Dry conditions and the notorious Santa Ana winds have caused multiple fires in the Los Angeles area that officials are struggling to put out. As of Thursday morning though, most airlines reported that the California wildfires won't affect flights in and out of Los Angeles International Airport. But that could change at any time.
Earlier this week, California Gov. Jerry Brown declared a state of emergency for Los Angeles, Ventura, Santa Paula, San Bernardino, and surrounding cities. One of the fires in Ventura was the largest and quickest to spread, making it hard to contain by firefighters.
Images of the fires look near apocalyptic as they hopped from major freeway to freeway, forcing closures. Initially, the 405 and the 201, two of the most highly trafficked roadways in the area were closed. According to The New York Times, they have both been reopened, so traffic to the airport should just be its usual level of terrible.
LAX Wasn't Affected By The Fires
And Many Airlines Weren't Either
But People Were Tweeting Some Scary Traffic Shots
The fires are expected to rage for a few more days, so if you have to travel to or from California, you definitely want to check the traffic and airport situation. Two fires in San Bernardino have been 100 percent contained, but the other fires, such as the Thomas Fire in Ventura was only 5 percent contained on Thursday morning, according to CNN. The Skirball Fire in Bel-Air was 20 percent contained as of Thursday afternoon, the Los Angeles Times reported.
Southern California hasn't seen rain since early spring, which has made everything worse, according to National Weather Service officials. Usually, fire season hits its peak in October and then there's a little rain before the Santa Ana winds, but that didn't happen this year. According to UCLA climate scientist Daniel Swain, who has been tweeting about the fires, October and November this year were the driest months on record for the time period.
Because of the winds, helicopters are having trouble dropping water or flame retardants because it just blows away, making it incredibly difficult to contain the fires.
Chief Daniel Berlant, assistant deputy director the California Department of Forestry and Fire Protection, told Science Daily:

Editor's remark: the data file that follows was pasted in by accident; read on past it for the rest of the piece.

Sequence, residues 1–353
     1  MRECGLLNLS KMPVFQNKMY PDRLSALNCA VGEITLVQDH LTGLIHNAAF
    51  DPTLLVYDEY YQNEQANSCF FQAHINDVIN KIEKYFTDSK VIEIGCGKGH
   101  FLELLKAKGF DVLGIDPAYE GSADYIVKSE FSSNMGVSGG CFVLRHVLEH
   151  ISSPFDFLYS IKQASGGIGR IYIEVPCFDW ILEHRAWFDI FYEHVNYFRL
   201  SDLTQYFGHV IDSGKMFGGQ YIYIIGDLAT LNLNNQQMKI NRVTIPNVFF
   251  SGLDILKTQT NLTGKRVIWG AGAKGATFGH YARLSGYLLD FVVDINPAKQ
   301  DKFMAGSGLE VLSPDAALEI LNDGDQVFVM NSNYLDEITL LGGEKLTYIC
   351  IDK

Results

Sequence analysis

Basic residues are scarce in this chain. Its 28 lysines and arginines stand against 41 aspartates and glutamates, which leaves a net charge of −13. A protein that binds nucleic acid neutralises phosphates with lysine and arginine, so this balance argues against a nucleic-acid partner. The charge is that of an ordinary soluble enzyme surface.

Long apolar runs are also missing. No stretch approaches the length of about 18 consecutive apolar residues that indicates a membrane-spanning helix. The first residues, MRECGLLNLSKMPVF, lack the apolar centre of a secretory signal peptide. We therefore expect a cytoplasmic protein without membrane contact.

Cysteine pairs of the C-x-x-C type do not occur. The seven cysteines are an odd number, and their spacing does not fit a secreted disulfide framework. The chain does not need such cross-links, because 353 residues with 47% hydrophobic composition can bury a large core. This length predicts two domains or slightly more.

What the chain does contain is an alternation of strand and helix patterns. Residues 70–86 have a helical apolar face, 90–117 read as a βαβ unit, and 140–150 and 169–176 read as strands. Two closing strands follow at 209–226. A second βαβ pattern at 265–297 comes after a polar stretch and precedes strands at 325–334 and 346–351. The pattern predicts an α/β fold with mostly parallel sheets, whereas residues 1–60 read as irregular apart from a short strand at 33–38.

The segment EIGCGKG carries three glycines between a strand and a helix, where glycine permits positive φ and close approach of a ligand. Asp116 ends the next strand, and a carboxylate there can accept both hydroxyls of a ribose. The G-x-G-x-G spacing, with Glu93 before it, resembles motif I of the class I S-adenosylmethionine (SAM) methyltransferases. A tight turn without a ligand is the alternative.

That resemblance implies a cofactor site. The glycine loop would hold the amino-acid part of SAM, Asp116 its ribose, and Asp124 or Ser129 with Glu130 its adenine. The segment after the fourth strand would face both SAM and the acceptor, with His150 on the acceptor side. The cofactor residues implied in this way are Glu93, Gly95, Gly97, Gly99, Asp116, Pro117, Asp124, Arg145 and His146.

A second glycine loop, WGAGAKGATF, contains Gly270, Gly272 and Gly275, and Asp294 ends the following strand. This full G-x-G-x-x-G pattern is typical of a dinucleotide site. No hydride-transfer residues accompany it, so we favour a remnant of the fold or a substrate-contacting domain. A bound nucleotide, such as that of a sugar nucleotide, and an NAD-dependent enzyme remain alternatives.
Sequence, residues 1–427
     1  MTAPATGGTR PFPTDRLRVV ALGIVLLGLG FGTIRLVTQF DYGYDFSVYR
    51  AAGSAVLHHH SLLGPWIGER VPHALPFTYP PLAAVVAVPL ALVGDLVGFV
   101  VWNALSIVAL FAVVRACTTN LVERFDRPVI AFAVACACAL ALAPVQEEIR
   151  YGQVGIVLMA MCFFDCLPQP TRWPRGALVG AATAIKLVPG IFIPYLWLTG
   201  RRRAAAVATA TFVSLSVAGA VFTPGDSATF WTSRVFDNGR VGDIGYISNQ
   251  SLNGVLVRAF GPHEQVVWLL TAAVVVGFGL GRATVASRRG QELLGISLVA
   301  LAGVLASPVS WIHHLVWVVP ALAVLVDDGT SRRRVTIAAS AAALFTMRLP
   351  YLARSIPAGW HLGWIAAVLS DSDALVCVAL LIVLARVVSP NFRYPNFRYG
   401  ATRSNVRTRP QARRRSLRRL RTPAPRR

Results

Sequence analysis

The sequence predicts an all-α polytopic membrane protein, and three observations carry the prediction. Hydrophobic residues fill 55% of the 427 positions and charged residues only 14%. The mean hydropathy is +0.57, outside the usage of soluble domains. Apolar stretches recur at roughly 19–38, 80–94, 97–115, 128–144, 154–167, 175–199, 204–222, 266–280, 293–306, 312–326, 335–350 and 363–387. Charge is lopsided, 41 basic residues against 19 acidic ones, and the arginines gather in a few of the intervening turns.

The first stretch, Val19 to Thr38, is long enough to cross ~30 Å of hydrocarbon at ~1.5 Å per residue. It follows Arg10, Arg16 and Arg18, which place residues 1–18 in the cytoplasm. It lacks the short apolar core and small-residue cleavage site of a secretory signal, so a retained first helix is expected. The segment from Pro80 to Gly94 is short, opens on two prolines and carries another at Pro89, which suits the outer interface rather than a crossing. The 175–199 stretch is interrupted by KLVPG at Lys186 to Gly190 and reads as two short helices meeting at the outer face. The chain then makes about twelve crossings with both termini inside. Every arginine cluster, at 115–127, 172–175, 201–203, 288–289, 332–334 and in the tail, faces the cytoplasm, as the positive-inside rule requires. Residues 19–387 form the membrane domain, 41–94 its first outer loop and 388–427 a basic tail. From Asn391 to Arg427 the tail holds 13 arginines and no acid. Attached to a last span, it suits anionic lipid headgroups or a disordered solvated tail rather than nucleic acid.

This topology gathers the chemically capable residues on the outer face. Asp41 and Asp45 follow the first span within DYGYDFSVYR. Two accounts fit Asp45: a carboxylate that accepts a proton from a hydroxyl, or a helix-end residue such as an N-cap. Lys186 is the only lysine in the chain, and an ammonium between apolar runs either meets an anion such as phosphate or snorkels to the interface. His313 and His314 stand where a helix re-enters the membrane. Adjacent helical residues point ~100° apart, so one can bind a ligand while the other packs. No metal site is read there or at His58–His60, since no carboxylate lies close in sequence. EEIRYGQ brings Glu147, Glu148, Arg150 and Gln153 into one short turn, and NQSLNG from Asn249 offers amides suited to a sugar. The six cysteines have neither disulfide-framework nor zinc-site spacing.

In many cases, it's all we can do just to try to control the path of the fire, trying to keep it away from people and homes. Stopping a fire when wind is 50, 60, 70 miles per hour is almost not possible. These fires burn into anything that's in their path. A wind-driven fire is like a freight train, and stopping a freight train on a dime doesn't happen.
Luckily, though, on Thursday, the Santa Ana winds were not as bad as firefighters had predicted. They returned, but they weren't strong enough to cause the expected higher flames, which is partly why the freeways were reopened in some areas, according to Los Angeles Fire Department Assistant Chief Armando Hogan's statement to reporters on Thursday.
Officials noted that if the winds died down and firefighters were able to contain more portions of the fires, some of the 200,000 residents that were evacuated might be allowed to return to their homes temporarily to pick up clothes, medicine, and other important items. “What we don’t want to do is pull the trigger prematurely," Hogan added in the same statement to the Los Angeles Times.
Weather officials predict that the winds could pick up again over the weekend, causing the fires to get worse again. However, it appears that Wednesday night was the worst part of the wildfires, and flights were still landing and taking off from the airport. So if you have travel planned or need to help loved ones get out, it's still possible. And let's all hope it stays that way.
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